“It is easy for me to go outside my comfort zone,” claimed 57% of participants (about 120 HR professionals) polled during the MERIT webinar “Leveraging the Power of Growth Mindsets.”
However, when asked about the company they work for, 45% of respondents said that it has a fixed mindset culture, while only 41% thought that their organisation has a growth mindset.
This mismatch points to a crucial problem for HR professionals: how to foster a company culture dedicated to learning and growth.
The number one reason webinar participants cited for their interest in a growth mindset was digital transformation. This is in line with findings in the NeuroLeadership Institute’s 2018 “Idea Report: Growth Mindset Culture,” which shows that ongoing digital disruption is making growth mindsets a necessity for individuals as well as businesses.
Go agile or get stuck
The webinar was hosted by Lisa Danels, who has occupied key talent management, learning, and development roles at American Express, Chase Manhattan Bank, Philips, Pfizer, MetLife, and Novartis. Danels outlined the challenges faced by organisations that want to adopt a growth mindset and thus become more agile.
Today, it is only agility, Danels stressed, that can keep a company’s competitive edge: if an organisation is stuck in a fixed, hierarchical structure, it risks being outsmarted by a rising competitor.
As individuals, we can learn to get outside of our comfort zones, if we aren’t doing that already. In a large organisation, however, complexity increases exponentially and achieving a growth mindset is an ongoing task. Danels emphasised that the first challenge for any organisation ready to transform itself is getting everyone on board.
Growth mindset and the science behind it
In the first part of the webinar, Danels provided a deeper understanding of what a growth mindset means, as well as the neurological research backing it.
One way to define this critical skill is the willingness “to be uncomfortable over and over again,” as Erika Andersen puts it in her book Be Bad First: Get Good at Things Fast to Stay Ready for the Future. This means to “continually challenge your own preference for being good at things, for being competent” and to embrace a beginner’s mind instead of sticking with what you know.
Danels explained why such a mindset does not come naturally: it goes against some of our most innate, primal instincts, so a conscious, wilful re-wiring of the mind is necessary to accept higher levels of discomfort. Doing so is important both to organisations and to individuals, however, as only with a growth mindset can we learn from our mistakes, accept and implement feedback, and work effectively in a changing environment.
Every person stands somewhere on a continuum between a growth and fixed mindset, and further, we may have different mindsets in different areas of our lives. For example, someone who is already willing to take on high-risk projects at work may be resistant to learning foreign languages. The good news is that, as Carol Dweck’s research at Stanford University shows, a fixed mindset can be transformed into a growth mindset – and the same goes for companies.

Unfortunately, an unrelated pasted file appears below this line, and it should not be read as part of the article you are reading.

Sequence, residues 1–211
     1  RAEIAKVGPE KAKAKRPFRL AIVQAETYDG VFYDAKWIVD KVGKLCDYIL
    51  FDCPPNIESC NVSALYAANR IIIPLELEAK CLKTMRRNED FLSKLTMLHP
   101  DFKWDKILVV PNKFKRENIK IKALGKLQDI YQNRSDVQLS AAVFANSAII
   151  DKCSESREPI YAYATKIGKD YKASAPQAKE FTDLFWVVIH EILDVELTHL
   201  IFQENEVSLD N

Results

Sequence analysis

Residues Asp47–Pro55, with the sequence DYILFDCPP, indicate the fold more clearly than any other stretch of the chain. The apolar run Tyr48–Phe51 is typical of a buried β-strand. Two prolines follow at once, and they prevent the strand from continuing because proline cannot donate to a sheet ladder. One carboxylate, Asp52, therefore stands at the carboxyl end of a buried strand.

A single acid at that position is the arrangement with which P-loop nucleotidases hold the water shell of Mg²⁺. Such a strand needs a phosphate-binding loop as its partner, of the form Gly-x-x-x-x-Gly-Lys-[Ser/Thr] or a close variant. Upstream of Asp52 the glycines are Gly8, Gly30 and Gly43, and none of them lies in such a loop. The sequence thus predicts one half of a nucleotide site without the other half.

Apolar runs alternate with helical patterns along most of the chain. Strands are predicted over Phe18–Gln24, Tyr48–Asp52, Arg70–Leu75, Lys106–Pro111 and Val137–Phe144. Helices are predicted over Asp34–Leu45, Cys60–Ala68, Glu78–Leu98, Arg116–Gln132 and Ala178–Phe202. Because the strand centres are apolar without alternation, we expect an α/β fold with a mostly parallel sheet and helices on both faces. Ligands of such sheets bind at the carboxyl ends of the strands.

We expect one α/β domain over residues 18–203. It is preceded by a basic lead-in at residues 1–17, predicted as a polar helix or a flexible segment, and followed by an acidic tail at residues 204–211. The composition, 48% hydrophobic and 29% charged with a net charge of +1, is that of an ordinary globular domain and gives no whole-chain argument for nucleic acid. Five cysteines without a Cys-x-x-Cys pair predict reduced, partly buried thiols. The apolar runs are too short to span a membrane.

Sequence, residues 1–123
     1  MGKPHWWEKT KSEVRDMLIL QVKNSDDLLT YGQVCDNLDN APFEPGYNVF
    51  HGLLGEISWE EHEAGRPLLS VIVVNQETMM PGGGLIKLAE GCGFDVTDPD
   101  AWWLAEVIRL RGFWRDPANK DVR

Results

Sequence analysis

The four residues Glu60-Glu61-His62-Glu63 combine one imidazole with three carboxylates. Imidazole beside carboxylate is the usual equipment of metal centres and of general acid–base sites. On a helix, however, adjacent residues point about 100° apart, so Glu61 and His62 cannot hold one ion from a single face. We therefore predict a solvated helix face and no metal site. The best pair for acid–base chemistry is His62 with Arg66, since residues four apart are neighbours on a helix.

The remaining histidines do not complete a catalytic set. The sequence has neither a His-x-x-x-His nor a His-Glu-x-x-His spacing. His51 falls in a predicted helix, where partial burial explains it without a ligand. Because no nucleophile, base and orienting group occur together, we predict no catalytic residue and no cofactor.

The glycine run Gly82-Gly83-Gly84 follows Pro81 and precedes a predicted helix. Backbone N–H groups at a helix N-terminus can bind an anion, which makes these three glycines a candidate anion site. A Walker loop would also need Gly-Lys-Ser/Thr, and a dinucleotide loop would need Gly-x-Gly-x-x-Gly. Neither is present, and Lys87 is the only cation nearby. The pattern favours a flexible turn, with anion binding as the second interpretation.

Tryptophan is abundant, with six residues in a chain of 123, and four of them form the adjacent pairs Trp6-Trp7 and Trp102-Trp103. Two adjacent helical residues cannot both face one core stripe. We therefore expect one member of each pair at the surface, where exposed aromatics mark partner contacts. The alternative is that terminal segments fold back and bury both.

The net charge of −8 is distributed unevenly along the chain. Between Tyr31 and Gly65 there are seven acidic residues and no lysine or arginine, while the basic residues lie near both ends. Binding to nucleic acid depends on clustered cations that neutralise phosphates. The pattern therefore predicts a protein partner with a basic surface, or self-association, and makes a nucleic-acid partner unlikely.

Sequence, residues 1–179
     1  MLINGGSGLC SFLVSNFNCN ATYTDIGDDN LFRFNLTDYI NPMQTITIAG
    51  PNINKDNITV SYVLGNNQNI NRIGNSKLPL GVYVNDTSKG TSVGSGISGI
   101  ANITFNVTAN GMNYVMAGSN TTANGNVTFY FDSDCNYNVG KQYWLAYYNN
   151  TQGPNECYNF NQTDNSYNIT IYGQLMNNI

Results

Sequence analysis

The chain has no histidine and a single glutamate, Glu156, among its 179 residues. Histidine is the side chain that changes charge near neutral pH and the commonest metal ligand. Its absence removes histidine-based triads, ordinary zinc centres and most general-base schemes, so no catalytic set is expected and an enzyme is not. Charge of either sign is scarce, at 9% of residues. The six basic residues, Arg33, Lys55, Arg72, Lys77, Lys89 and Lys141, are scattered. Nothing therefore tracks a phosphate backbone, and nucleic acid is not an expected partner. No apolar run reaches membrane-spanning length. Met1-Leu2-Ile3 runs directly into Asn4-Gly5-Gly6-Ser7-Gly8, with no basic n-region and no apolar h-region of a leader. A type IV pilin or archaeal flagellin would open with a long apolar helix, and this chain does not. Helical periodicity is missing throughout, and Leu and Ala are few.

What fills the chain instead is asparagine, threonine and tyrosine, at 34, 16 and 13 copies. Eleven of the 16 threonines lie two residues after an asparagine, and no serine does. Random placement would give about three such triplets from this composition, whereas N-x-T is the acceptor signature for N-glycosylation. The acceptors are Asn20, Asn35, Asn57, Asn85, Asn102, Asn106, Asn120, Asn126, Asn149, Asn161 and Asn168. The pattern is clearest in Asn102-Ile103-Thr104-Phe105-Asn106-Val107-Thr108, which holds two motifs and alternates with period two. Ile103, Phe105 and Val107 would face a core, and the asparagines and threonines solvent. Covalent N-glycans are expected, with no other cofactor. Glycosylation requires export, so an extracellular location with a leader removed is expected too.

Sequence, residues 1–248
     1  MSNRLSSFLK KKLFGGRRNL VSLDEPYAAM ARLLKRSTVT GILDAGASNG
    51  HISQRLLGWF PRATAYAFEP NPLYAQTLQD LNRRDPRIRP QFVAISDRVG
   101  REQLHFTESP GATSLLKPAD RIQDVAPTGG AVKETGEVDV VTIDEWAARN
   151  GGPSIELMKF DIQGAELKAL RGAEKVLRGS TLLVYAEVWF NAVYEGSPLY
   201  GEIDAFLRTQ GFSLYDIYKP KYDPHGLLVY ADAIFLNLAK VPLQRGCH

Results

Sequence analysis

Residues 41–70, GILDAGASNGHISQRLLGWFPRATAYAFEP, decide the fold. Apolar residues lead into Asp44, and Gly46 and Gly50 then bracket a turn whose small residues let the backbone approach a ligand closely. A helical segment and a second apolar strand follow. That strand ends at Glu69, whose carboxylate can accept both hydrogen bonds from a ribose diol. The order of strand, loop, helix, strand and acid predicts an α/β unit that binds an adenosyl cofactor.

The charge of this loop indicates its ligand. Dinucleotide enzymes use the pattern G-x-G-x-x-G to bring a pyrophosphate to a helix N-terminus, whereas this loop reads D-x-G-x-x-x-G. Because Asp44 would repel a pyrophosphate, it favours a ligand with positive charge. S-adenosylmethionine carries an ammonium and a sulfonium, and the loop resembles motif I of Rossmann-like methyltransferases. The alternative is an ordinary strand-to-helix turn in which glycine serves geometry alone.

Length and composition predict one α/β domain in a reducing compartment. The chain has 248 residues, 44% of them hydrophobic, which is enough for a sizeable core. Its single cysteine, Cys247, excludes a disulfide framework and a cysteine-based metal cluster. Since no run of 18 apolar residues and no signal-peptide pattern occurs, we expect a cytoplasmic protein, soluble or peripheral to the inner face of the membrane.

Starting the transformation
In the second part of the webinar, Danels discussed two case studies of companies that transformed by implementing a growth mindset, as well as specific strategies to achieve that in your own company. She suggested interventions and learning programmes that are particularly suited to the leadership or team levels.
Danels also explained why, as research from Columbia University shows, top-level management has the greatest difficulty in adopting a growth mindset, even though agile leadership is crucial for the company-wide transformation to work.
Openness to growth is critical at the team level, too. Danels described in detail the features of fixed mindset teams and argued that even if a fixed mindset feels “comfortable” and “safe,” in the long run, it is anything but – in fact, it can cost us dearly.
In the webinar, Danels revealed the kinds of company initiatives that can educate employees and ensure a growth mindset culture takes hold in the long run. Going further, she argued that traditional talent acquisition and assessment practices may be hindering growth, and that our entire philosophy about recruitment and metrics has to change. Danels outlined what is necessary to develop a long-term agility strategy.
In case all this sounds overwhelming, Danels also reminded us of the 80/20 rule. “You can’t get rid of fear, but you can master it,” she said. You can aim to push yourself (or your organisation) just 20% of the time, and still stay in your comfort zone 80% of the time. What would that 20% be for you? What bold challenges would you set for yourself or your company?
Take a deep dive into "Leveraging the Power of Growth Mindsets" with the full webinar recording.
By Ani Kodjabasheva